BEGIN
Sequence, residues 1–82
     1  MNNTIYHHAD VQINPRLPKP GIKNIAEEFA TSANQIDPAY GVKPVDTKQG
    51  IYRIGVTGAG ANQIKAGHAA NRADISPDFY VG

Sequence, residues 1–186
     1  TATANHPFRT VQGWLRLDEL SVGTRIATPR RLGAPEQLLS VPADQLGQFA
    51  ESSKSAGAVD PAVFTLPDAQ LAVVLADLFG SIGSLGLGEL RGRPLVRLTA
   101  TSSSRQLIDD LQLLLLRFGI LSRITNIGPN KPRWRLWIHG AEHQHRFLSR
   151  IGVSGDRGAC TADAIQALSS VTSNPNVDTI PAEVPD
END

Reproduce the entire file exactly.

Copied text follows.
Sequence, residues 1–82
     1  MNNTIYHHAD VQINPRLPKP GIKNIAEEFA TSANQIDPAY GVKPVDTKQG
    51  IYRIGVTGAG ANQIKAGHAA NRADISPDFY VG

Sequence, residues 1–186
     1  TATANHPFRT VQGWLRLDEL SVGTRIATPR RLGAPEQLLS VPADQLGQFA
    51  ESSKSAGAVD PAVFTLPDAQ LAVVLADLFG SIGSLGLGEL RGRPLVRLTA
   101  TSSSRQLIDD LQLLLLRFGI LSRITNIGPN KPRWRLWIHG AEHQHRFLSR
   151  IGVSGDRGAC TADAIQALSS VTSNPNVDTI PAEVPD